ArcelorMittal posts 22% rise in interim earnings despite blackouts, labour and rail woes
ArcelorMittal South Africa reported a 22% rise in interim earnings on Thursday, and its results would have been better were it not for a trifecta of typically South African woes: rolling blackouts, labour unrest and a train service that is coming off the rails.
ArcelorMittal South Africa, Africa’s largest steelmaker and a unit of Luxembourg-based ArcelorMittal SA, said its headline earnings for the six months to June rose 22% compared with the same period in 2021 to just over R3-billion. Cash generation allowed the company to slash its debt 61% to just shy of R1.1-billion.
Higher prices were the driver, with a 23% increase in realised dollar steel prices for the period under review. So, a tidy set of results for a company that just a few years ago was deeply in the red.
Alas, things would have been better were it not for a trifecta of typically South African woes: rolling blackouts, labour strife and rail challenges.
“The rail, labour and electricity events represent lost opportunities, which is sad for a country that so desperately needs to take advantage of every economic opportunity to rebuild after the destructive pandemic,” CEO Kobus Verster said in a statement.
Steel-making and related industries are power intensive – steel is a key foundation of an industrial economy – and the company noted the impact of “severe electricity load shedding, which is particularly disruptive to suppliers and customers”.
Then there was the two-week wage strike at the company’s operations in May by the National Union of Metalworkers of South Africa, which ArcelorMittal described as “unnecessary” and linked to “violence, intimidation and criminality”.
On top of that, Transnet’s deteriorating rail service continues to inflict damage on business and the wider economy.
The company said there was a month-long shutdown of one of Vanderbijlpark’s blast furnaces “and intermittent stoppages of the remaining fleet to avoid the risk of an uncontrolled stop due to insufficient inventory (particularly of iron ore), resulting from the unavailability of the rail service”.
As a steelmaker, ArcelorMittal’s results also provided a snapshot of South Africa’s spiral into de-industrialisation, which the Department of Trade, Industry and Competition often seems blind to, as it cranks out reams of “masterplans” to arrest this descent.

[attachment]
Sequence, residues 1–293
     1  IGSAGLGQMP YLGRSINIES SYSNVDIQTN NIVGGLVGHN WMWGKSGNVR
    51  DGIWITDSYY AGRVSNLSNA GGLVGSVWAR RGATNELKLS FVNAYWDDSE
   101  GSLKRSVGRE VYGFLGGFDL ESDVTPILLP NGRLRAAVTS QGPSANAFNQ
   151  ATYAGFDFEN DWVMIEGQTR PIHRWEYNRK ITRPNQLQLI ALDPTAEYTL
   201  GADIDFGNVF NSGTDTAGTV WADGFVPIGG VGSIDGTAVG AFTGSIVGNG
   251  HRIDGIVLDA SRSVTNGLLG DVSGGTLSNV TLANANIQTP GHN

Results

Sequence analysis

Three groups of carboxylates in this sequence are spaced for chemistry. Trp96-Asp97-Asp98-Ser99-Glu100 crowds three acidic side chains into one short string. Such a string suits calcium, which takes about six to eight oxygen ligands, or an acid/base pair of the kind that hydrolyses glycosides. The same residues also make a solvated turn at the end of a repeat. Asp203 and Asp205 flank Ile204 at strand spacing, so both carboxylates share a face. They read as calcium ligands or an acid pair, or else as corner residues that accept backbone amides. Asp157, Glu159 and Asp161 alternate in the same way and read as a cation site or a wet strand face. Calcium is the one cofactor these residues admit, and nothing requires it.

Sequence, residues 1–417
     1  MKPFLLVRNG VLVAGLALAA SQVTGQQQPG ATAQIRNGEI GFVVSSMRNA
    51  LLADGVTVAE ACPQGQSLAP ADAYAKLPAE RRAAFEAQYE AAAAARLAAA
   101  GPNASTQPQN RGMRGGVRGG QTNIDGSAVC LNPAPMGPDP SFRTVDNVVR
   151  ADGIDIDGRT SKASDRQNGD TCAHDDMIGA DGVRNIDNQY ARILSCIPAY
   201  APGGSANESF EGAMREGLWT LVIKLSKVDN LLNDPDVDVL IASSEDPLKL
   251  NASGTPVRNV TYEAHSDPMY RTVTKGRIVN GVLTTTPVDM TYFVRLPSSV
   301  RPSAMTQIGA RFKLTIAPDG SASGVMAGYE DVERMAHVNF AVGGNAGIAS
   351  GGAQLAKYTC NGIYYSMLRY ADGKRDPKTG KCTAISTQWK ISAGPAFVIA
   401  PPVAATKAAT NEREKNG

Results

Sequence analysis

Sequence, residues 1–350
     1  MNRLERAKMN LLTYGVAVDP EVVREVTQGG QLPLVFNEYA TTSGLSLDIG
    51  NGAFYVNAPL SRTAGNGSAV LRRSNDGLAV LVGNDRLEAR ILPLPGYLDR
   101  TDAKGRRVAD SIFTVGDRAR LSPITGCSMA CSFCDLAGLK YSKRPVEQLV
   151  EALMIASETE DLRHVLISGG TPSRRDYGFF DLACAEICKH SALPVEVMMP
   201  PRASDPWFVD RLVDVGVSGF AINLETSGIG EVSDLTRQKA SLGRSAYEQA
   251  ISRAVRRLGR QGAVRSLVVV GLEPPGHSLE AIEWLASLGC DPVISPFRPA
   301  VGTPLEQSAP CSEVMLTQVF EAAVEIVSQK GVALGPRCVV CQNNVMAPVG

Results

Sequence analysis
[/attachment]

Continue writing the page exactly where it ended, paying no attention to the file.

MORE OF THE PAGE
“In South Africa, apparent steel consumption for the first half of 2022 decreased by 14% to 2 million tonnes, reflecting high market inventory levels, slowing market activity in key steel-consuming sectors, slow realisation of infrastructure projects, as well as inflation and rising interest rates affecting disposable income in the retail sector,” the company said.
But the company has plans to address some of these challenges.
“South Africa has recently experienced its worst period of electricity load shedding, a situation which is aggravated by highly unreliable municipal infrastructure. As a sign of confidence in the country, ArcelorMittal South Africa recently announced the start of a feasibility study to construct two 100MW renewable energy facilities, with the objective of yielding meaningful cost reduction benefits by 2024/25.
“These benefits will be increased and accelerated if regulations are relaxed,” it said.
If President Cyril Ramaphosa’s recent announcement of the lifting of constraints on such projects translates into reality, the steelmaker may build more than its already planned 200MW in renewable power sources. Power-intensive sectors can hardly rely on Eskom any more – expect many more green energy projects to be announced.
Incidentally, that will also help to boost steel demand. ArcelorMittal’s own estimates are that “each new MW of solar power requires between 35 and 45 tonnes of steel, and each new MW of wind power requires 120 to 180 tonnes of steel”.
So green energy is a win-win for ArcelorMittal and also the broader South African economy. DM/BM
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